I recommend that you review your policy every two years and after major life events, such as divorce, death, marriage, re-marriage, a new birth or adoption. Change the beneficiaries when circumstances change. Unfortunately, many people forget to do so and leave an ex-spouse listed as the beneficiary or an individual who is predeceased.
7. OVERLOOKING THE DETAILS
Be specific when you name beneficiaries. Instead of “my children,” list their names, Social Security numbers and addresses. When naming multiple beneficiaries, decide whether you want the money divided “per stirpes,” which means by branch of the family, or per capita, which means by head.
8. NOT TELLING ANYONE
It is important to tell someone that you have a life insurance policy, where it is and how to find it. Better yet, put a copy of the policy or at least the declaration and beneficiary pages into your Estate Planning Binder and complete the Estate Planning Data Recorder and give a copy to your attorney. If you need a copy of this form, please contact me and I’ll be glad to provide it to you at no cost.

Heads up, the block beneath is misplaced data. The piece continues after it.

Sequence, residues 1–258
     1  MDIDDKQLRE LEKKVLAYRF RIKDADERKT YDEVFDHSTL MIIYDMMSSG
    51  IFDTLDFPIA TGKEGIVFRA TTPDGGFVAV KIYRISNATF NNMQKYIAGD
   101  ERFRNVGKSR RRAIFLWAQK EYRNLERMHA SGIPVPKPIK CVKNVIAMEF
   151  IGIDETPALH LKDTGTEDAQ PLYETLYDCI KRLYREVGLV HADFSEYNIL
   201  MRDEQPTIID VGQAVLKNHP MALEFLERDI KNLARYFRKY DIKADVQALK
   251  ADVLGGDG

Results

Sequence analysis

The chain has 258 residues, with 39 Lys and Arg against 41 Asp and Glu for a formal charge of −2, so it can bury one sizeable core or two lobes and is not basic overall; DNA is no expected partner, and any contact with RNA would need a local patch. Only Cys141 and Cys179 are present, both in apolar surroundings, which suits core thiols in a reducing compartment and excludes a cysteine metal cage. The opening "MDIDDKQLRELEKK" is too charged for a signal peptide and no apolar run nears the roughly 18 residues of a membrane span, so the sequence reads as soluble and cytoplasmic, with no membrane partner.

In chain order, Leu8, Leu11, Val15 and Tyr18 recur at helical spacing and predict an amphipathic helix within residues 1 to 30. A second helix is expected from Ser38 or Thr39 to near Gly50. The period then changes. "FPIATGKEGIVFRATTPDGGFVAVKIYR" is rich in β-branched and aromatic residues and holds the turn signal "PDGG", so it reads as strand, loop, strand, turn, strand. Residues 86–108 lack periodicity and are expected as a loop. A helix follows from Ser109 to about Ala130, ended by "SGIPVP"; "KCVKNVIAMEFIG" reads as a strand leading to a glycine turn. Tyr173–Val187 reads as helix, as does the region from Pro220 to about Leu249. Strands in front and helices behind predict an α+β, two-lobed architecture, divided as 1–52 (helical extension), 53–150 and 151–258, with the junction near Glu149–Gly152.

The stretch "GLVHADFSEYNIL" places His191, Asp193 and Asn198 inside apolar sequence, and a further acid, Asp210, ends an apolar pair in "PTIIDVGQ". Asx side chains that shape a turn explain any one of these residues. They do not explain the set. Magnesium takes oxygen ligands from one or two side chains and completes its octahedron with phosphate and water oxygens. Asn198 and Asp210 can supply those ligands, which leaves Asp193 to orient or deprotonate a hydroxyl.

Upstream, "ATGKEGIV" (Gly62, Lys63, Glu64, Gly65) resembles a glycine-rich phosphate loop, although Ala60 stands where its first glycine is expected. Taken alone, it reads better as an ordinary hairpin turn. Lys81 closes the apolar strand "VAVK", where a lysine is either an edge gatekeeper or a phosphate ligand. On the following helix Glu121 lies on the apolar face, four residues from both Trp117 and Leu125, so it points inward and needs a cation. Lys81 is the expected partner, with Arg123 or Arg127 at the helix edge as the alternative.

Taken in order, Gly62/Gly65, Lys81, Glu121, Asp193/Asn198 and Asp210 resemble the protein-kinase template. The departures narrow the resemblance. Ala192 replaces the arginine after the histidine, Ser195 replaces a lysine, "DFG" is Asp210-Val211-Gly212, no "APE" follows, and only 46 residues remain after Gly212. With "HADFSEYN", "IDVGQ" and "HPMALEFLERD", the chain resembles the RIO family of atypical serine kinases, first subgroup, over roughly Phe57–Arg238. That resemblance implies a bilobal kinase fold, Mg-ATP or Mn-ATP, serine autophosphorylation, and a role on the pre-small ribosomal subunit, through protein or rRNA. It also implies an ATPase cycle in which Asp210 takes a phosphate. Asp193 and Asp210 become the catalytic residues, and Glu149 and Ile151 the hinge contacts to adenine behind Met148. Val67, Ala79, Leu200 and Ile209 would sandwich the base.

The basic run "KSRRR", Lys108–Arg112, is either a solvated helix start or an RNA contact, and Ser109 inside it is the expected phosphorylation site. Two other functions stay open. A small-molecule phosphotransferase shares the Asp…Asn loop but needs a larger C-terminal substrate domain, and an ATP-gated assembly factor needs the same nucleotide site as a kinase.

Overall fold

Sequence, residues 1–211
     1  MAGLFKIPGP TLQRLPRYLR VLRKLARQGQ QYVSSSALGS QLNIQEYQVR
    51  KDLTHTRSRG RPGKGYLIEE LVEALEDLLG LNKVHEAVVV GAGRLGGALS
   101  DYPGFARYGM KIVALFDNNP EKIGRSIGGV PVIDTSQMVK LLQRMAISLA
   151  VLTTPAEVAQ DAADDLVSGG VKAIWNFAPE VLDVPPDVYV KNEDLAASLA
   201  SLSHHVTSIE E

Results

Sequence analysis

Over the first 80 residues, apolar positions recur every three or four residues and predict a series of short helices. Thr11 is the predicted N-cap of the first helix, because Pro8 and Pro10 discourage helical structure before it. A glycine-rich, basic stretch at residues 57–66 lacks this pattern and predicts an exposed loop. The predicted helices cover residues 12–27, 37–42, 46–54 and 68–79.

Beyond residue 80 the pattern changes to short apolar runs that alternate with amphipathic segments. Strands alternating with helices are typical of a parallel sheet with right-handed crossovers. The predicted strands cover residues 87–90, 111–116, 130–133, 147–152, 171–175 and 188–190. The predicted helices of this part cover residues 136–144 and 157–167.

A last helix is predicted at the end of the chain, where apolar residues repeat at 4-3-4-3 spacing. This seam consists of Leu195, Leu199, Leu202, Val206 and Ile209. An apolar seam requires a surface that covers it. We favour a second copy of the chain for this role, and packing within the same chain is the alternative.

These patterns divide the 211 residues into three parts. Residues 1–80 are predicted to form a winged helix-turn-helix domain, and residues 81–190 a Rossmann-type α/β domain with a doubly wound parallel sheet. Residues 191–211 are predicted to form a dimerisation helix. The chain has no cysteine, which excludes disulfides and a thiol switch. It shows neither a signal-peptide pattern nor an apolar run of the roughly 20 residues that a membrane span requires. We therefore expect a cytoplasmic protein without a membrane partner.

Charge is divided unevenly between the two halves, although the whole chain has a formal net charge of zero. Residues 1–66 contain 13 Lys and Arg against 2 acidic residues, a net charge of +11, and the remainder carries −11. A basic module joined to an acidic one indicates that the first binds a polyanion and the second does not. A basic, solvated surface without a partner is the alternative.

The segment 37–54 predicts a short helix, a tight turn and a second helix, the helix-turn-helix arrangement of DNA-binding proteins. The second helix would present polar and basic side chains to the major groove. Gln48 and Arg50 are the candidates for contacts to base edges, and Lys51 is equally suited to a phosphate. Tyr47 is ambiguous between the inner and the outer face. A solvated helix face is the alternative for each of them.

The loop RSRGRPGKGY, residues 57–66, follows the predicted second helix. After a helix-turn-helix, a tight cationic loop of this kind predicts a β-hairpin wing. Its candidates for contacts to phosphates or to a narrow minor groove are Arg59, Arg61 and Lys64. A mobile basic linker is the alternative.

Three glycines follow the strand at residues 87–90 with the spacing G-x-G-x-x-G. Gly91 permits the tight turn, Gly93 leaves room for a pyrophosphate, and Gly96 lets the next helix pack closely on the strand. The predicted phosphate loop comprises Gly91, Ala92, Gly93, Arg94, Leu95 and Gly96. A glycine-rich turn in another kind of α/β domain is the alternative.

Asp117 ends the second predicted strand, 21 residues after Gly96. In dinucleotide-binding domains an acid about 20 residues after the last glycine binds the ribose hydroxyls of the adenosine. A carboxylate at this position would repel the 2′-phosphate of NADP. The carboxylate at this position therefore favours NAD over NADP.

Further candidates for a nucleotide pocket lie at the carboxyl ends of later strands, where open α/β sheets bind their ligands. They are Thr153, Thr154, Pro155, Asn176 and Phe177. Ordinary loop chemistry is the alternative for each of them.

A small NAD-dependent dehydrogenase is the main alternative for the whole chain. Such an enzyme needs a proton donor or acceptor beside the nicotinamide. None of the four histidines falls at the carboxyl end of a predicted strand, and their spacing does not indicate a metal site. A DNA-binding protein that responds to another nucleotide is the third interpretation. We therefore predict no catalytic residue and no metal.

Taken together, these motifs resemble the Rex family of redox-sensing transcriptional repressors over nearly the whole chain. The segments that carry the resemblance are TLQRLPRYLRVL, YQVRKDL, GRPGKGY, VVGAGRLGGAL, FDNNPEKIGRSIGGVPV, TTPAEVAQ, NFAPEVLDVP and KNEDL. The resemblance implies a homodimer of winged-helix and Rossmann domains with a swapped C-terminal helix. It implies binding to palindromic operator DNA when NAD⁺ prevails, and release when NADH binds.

9. GIVING MONEY WITH NO STRINGS ATTACHED
Naming your young-adult children as beneficiaries without setting any conditions for how the money is dispersed can be a setup for financial failure. One way is to set up a trust with specifics for how the money can be released and what it can be used for until the young adult reaches a certain age. Insurers are beginning to introduce policies that let you arrange for the death benefit to be paid out in installments.
10. NAMING ONLY A PRIMARY BENEFICIARY